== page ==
Category: Randy Newman

Randy Newman strips down -- his music -- in 'Songbook Vol. 2' due in May

Randy Newman-Mel Melcon 
Randy Newman is delving back into his considerable catalog to reinterpret songs with just his voice and piano in “Randy Newman Songbook Vol. 2,” due May 10.

The Grammy winner, who finds out Sunday whether he'll take home an Academy Award for his song “We Belong Together” from “Toy Story 3,” has recorded new versions of “Cowboy,” dating back to his 1968 debut album, “Randy Newman,” through “Laugh and Be Happy” and “Losing You” from his latest studio collection, “Harps and Angels,” and several others in between.

It’s the follow-up to his 2003 collection, in which he delivered solo piano versions of “Sail Away,” “Rednecks,” “Louisiana 1927,” “Political Science,” “I Think It’s Going to Rain Today,” “You Can Leave Your Hat On” and a dozen more.

The new album will be co-produced by Mitchell Froom, who produced the first one as well as Newman’s 1999 album, “Bad Love,” and Lenny Waronker, the veteran record executive and a childhood friend of Newman’s.

“His instincts are better than mine, in some respects,” Newman said of Waronker in a statement issued Wednesday by his label, Nonesuch Records. “He’s always been, for me, the most crucial person to my songwriting. I wanted to be the best that I could be. I always felt that Lenny wanted me to be better than that. I’m grateful to him.”

Earlier this month, he started a solo tour that will reach California on April 22 with a stop in San Francisco. No Southern California dates have been announced.

-- Randy Lewis

Photo of Randy Newman. Credit: Mel Melcon / Los Angeles Times

Harry Nilsson documentary opens Friday in West Hollywood

Harry Nilsson 1991 crop 
Songwriter Jimmy Webb calls him “the best singer of our generation.” Filmmaker and Monty Python alumnus Terry Gilliam describes him as “a fallen angel.” Randy Newman compares his knack for writing indelible melodies to Franz Schubert, Paul McCartney and Elton John. Superstar producer Richard Perry, among others, considers him the American counterpart to the Beatles.

They’re referring to Harry Nilsson, the Brooklyn-born, L.A.-transplant singer and songwriter whose extraordinary musical gifts were overshadowed only by his predilection for self-destruction, and whose heartbreaking life story is the focal point of “Who Is Harry Nilsson (And Why is Everybody Talkin’ About Him)?” a deeply felt documentary opening a one-week Los Angeles theatrical run Friday at the Laemmle Sunset 5 in West Hollywood.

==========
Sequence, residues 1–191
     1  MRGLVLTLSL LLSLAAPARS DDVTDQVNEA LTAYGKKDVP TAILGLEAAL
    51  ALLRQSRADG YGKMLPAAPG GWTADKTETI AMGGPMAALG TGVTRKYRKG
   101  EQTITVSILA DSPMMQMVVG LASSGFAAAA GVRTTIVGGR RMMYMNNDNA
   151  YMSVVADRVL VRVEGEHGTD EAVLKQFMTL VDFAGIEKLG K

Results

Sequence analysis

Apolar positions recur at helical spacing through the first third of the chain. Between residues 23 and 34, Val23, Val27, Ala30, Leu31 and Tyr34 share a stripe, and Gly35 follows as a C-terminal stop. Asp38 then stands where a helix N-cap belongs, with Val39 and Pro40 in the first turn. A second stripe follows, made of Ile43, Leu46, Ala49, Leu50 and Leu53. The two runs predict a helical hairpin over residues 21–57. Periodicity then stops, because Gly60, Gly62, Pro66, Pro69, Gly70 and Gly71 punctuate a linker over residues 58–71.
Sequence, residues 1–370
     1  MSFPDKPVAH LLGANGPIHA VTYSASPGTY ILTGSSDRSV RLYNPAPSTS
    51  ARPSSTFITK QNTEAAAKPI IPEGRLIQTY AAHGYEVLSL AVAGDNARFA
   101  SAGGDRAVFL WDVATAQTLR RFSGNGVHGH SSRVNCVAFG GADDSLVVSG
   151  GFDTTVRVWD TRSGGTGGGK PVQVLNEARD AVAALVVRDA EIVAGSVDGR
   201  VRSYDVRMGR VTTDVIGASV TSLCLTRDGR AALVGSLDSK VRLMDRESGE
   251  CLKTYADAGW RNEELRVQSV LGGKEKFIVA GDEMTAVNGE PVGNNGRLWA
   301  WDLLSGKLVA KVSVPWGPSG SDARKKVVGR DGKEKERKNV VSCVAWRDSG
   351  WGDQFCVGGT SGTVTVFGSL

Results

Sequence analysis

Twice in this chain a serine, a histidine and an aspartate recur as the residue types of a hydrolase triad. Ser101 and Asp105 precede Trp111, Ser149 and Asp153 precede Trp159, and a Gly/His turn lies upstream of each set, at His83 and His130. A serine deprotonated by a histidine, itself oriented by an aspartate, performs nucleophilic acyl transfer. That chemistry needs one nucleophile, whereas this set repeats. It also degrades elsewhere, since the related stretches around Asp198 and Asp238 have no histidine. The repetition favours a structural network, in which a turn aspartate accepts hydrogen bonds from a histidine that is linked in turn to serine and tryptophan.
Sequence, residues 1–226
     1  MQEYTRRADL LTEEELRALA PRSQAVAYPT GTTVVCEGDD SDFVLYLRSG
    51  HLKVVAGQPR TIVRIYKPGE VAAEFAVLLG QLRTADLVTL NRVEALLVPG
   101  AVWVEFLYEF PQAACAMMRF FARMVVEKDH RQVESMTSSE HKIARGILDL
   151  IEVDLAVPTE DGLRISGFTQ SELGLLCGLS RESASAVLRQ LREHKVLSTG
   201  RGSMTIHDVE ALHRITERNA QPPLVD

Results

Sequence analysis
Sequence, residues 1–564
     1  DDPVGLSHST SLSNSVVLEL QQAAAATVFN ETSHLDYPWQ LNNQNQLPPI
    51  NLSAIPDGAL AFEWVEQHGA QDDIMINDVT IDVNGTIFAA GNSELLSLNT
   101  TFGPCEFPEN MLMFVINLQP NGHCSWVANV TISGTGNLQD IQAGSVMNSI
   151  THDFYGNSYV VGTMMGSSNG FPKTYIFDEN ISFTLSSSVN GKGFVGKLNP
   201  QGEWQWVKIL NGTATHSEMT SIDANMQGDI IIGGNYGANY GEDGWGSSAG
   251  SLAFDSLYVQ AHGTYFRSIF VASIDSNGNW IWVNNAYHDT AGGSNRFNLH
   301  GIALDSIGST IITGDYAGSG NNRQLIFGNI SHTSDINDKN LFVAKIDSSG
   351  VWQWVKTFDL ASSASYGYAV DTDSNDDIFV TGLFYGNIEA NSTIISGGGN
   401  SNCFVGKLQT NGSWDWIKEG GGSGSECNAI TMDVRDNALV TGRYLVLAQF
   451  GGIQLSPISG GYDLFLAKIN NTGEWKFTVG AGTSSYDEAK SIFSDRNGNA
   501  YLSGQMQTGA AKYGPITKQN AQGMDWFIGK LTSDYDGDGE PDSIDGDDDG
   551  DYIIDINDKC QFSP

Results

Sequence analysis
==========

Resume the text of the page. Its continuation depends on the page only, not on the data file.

As comedian Tommy Smothers points out during the two-hour film, Nilsson’s name today elicits one of two reactions: tremendous admiration or a blank stare. He became part of the Beatles inner circle near the end of the band’s life, and continued close friendships with them after the breakup. He won two Grammy Awards: one for his 1969 recording of “Everybody’s Talkin’,” the Fred Neil song that was also used as the theme for “Midnight Cowboy,” the other in 1972 for his performance of the ballad “Without You.”

He penned hit songs for the Monkees (“Cuddly Toy”) and Three Dog Night (“One”) and was one of the earliest rock artists to give serious attention to the elegant Great American Songbook repertoire of pre-rock pop songs. At the same time, Nilsson was notorious as one of the hardest-partying rock stars of the '70s, a lifestyle that led to the heart attack that felled him at age 52 in 1994.

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Live review: Randy Newman at Royce Hall

Newman Randy Newman's best, most pointed songs usually will come around again with enough time, timely once more either from history repeating itself, or mankind living up to his worst expectations.

At his concert Friday for UCLA Live at Royce Hall, his quietly wounded and defiant “Louisiana 1927” told of another generation's devastating flood, but had new poignancy in the aftermath of Hurricane Katrina. And, sadly, the biting, hilarious detail of 1972's “Political Science” may never lose its relevance: “They all hate us anyhow / So let's drop the big one now.”

His two-hour solo performance of musical storytelling and ribald character studies began with the singer-songwriter ambling over to his Steinway, a man in black and a full head of white hair plucking the spooky melody from “Last Night I Had a Dream,” a dark and funny tale. It set a tone for the night.

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